As I constructed my version of the Roumy Cheese model, I tried to think systemically about where we find ourselves with writing instruction, broadly, and with the use of writing assistance tools. That said, I didn’t make notation of the tools in my model. Instead, I focused on the context in which we find ourselves teaching writing, which includes diverse causes of inequity in the teaching of English that include the need for Linguistic Justice (Baker-Bell) and a long-held recognition of Students’ Rights to their Own Language (NCTE/CCCC); these both not the ways that teachers must balance the tension between students’ home languages and dialects, some of which can be seen as conflicting with more commonly-held conceptions of “academic” or “proper” English. With that, I took the “larger” to “smaller” approach as I moved left-to-right, beginning with school culture and the prevalence of the workshop structure in ELA classrooms, broadly, on the far left, and then to some of the ideas from Graham et al.’s work on the use of “model-practice-reflect” and explicit strategy instruction, heading toward the middle.
Continuing to the right, I thought that we should look at moves that individual teachers make during workshop instruction including an analysis of mentor texts, effective design of transparent assignments, and generative (as compared to punitive) grading policies and practices. Then, we move further into individual teacher decision-making, we think about the ways that students build in intentional time for conferring and scaffolding intentional peer feedback. These moves inside the classroom are then supported by timely and effective feedback outside the classroom, too, the final slice on the right, and the best way to support student writers as they continue to learn and grow.
Of note, I don’t talk too much about any particular writing assistance technology in my model. If there are moments where these technologies could be used (at a system-wide, school-wide, grade-level, or individual teacher level), my argument is that a skilled teacher can probably figure out a way to do so (even if the use of the tool, such as a grammar checker or plagiarism detection service might be used in a way that is slightly at odds with the way that it was originally intended to be used). For instance, we talked during the conference about how we might take a gamified grammar experience and invite students to think not only about correcting errors (like fixing commas in a series), yet also taking those model sentences and adapt them to one’s own writing. Or, another colleague talked about how she had students choose a writing assistance technology to focus on one element (concision, for instance, with the Hemingway editor), and then would be encouraged to pick a different technology and focus the next time, such as a grammar checker.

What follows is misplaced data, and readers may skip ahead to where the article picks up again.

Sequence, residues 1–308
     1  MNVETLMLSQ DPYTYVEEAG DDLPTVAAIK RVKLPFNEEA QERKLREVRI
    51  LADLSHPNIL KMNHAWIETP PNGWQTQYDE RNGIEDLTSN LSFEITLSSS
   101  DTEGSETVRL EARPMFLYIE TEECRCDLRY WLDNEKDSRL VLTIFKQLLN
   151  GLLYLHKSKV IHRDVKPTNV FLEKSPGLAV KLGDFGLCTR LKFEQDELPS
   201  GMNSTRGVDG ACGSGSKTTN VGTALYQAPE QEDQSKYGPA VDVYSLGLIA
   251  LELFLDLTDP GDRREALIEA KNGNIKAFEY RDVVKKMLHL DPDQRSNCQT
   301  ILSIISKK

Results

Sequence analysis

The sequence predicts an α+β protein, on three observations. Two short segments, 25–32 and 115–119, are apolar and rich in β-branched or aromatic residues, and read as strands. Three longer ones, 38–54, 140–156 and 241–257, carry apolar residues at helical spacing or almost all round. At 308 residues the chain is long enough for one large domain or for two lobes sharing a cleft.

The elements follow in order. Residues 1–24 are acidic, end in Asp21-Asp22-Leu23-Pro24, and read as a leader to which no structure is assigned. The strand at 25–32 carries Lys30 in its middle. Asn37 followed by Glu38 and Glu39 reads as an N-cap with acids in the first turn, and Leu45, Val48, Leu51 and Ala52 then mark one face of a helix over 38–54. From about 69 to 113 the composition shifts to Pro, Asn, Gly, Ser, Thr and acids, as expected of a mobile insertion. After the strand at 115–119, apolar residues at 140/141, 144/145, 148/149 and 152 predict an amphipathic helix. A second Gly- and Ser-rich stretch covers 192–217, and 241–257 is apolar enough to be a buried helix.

There is probably a place to think about the writing assistance technologies in a more explicit manner by layering them into the Roumy Cheese Analogy. That will need to wait, for now. Again, I thank Maha Bali for introducing it to us as a way to stretch our thinking about systematic challenges we face in education. And, as we move from the questions about what the tools are to more substantive questions about how to use them (and repurpose them from their original use), I am encouraged to see the ways that we can continue to stay “ahead of the code.”
those that teach high school students preparing for college, as well as those at two- and four-year institutions — continue to extend and adapt their teaching practices in a post-pandemic world, we know that there are still no “best” practices, yet we continue to get better. We want to learn from you! http://bit.ly/better-practices
As online literacy instructors — including those that teach high school students preparing for college, as well as those at two- and four-year institutions — continue to extend and adapt their teaching practices in a post-pandemic world, we know that there are still no “best” practices, yet we continue to get better. We want to learn from you!